Regular Stretching Found to Impair Breast Cancer Growth in Mouse Study

Regular Stretching Found to Impair Breast Cancer Growth in Mouse Study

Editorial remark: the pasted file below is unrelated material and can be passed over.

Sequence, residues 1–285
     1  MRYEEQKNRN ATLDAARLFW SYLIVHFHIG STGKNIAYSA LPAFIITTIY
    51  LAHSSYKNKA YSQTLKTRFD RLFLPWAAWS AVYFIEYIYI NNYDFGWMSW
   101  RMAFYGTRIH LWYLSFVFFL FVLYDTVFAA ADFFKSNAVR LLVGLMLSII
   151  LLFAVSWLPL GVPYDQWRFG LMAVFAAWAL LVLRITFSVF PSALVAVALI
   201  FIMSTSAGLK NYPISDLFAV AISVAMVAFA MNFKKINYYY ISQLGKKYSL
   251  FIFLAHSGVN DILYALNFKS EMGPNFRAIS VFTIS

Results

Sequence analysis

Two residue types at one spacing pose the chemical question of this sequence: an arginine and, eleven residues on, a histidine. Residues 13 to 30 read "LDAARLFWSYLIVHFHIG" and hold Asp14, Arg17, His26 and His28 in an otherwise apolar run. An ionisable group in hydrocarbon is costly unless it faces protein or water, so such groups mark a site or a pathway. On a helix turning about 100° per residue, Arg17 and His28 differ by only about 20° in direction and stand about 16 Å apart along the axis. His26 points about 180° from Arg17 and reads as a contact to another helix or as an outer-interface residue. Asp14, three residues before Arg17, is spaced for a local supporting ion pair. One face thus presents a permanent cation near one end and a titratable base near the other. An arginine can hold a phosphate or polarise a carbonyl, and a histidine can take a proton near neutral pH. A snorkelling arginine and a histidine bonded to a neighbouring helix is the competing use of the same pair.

Daily stretching reduces tumor growth and improves the immune and inflammatory responses in mice with breast cancer, according to researchers. Their study, "Stretching Reduces Tumor Growth in a Mouse Breast Cancer Model," was published in the journal Scientific Reports. Increasing evidence suggests that exercise can reduce the risk of developing breast cancer or of breast cancer relapse (recurrence) in cancer survivors. It has also been suggested as a method to ease treatment side effects and improve quality of life. However, preclinical results are heterogeneous and inconsistent, and the type, duration, intensity, and frequency of exercise that could potentially prevent and control breast cancer remains unclear. Yoga, tai chi, and qi gong are mind-body practices frequently used and well-tolerated among cancer patients to manage symptoms and improve mobility and well-being. Stretching is a common component among these gentle movement-based exercises, and 10 minutes of stretching per day has been shown to reduce local inflammation and scarring — biological processes associated with cancer. Researchers at Brigham and Women's Hospital, in collaboration with colleagues at Dana-Farber Cancer Institute, both in Boston, evaluated whether daily stretching could affect tumor growth in mice with breast cancer. Researchers injected breast cancer cells into the breast tissue of 66 female mice, which were then randomized to receive 10 minutes of daily stretching for four weeks. Mice received no other form of treatment during the study. The team used a well-established stretching technique, in which mice are held by the base of the tail and gently lifted, with their front paws grasping a bar. With minimal training, mice can comfortably hold this position
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